CRITICAL ISSUE: Council struggling to recruit social workers
Middlesbrough Council is struggling to recruit enough social workers for adult care
An inability to recruit social workers for adult care is becoming a critical issue for Middlesbrough Council, according to the head of the department.
Erik Scollay, the director of Middlesbrough’s adult social care services, said that a neighbouring local authority pays around £3,000 more per year to social workers at the start of their career which is contributing to a recruitment issue.
Currently, the starting salary for a social worker in Middlesbrough is £27,041.
Mr Scollay added that the local authority was exploring potential solutions to the pay gap, as it is struggling to recruit social workers, including those who are on their assessed and supported year of employment (ASYE).
Social workers should receive extra support during their AYSE, as the aim of the year is for them to develop their skills, knowledge, and professional confidence.
Speaking at the Adult Social Care and Services Scrutiny Panel, Mr Scollay added: “To be perfectly honest, in recent months, we can’t even recruit ASYEs, we have gone out to recruit social workers and we are getting next to no applicants, or no applicants and that has become a critical issue for us.
“One of our neighbouring authorities does start social workers on a salary that is £3,000 or thereabouts higher than we do. In that particular instance, at about mid seniority in their careers, the salary scales do even up.
“But if you are a, hypothetically, 22-year-old graduate starting on your career in social work and someone is going to start you off £3,000 further up the salary scale you are going to go with that, so that’s become a real issue for us.
“I think we are exploring a number of things, there is no silver bullet to this. I would love to be able to arbitrarily raise the salaries of everyone in adult social care but that’s an unrealistic thing to do I think.”
He also said that, after a long period of stability, a substantial number of social workers were reaching retirement age which has caused a lot of turnover.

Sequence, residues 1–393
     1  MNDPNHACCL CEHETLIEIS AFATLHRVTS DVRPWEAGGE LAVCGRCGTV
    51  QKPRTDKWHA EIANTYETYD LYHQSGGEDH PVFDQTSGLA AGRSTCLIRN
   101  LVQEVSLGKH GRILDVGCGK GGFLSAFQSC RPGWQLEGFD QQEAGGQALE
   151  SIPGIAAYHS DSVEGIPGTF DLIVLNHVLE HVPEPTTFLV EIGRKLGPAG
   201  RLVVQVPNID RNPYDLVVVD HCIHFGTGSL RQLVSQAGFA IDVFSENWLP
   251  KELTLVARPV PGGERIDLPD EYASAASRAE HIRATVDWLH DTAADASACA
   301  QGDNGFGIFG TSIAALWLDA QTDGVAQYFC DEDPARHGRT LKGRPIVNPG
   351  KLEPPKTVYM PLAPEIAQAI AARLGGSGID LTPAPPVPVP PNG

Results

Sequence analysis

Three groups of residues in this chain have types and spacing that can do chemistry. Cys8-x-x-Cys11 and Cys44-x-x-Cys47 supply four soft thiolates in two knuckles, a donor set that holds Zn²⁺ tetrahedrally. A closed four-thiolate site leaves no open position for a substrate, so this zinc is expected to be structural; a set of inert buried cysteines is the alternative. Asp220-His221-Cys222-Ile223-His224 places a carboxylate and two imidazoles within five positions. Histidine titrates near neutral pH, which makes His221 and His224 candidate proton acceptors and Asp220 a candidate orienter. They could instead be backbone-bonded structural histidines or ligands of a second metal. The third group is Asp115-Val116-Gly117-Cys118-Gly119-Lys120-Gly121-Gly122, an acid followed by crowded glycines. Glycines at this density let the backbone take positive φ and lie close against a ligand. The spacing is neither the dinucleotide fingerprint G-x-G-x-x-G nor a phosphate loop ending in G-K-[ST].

Denise Monks, a professional officer and registered social worker at the British Association of Social Workers, said that this was a country-wide issue and not unique to Middlesbrough.
Talking about the situation nationally, Ms Monks added: “Social workers are working in an environment where they are dealing with crisis and dealing with communities that have been impacted by more than 10 years of austerity.
“At times, it very much feels, that social work, in general, has been seen as the poor relative alongside the NHS.
“That takes its toll as it feels like an area that is not invested in and the government frequently doesn’t think to acknowledge or recognise the need for social care to be held with the same level as health. The whole system doesn’t function if one part isn’t functioning.”
In 2018, 60% of social workers were looking to leave their current job within the next 15 months, while 40% wanted to leave the profession early, according to research conducted by BASW.
Therefore, people wanting to leave the profession is not a new issue, but Ms Monks said that Covid had played its part in making it more difficult to retain social workers.
She said that working from home, which has benefited some people, had posed further challenges for other social workers, especially around accessing support after having difficult conversations with families.
Furthermore, attempting to conduct assessments virtually provided extreme difficulties for staff during the pandemic.
Ms Monks also added that local authorities only have access to a finite amount of qualified social workers, and in some instances, this can lead to competition.
She added: “There is a lot of competition at the moment so local authorities are pulling on a very small pool of staff, which we are seeing across the NHS as well it isn’t just social care.
“At times, local authorities are almost in direct competition with their neighbouring authorities to try and recruit agency staff, so it’s a really difficult landscape at the moment.”
A spokesperson for the Department of Health and Social Care said: “We are working to ensure we have the right number of health and social care staff with the skills to deliver high-quality care to meet increasing demands.
“Care homes and home care providers will benefit from a new £162.5 million workforce retention and recruitment fund to bolster the dedicated care workforce.
“We also recently launched our ‘Made with Care’ recruitment campaign to encourage people into a career in care.
“This follows the announcement of £5.4 billion of additional funding to reform social care over the next three years, including £500 million to support training and career development for the workforce.”
Words: Emily Craigie, Local Democracy Reporter
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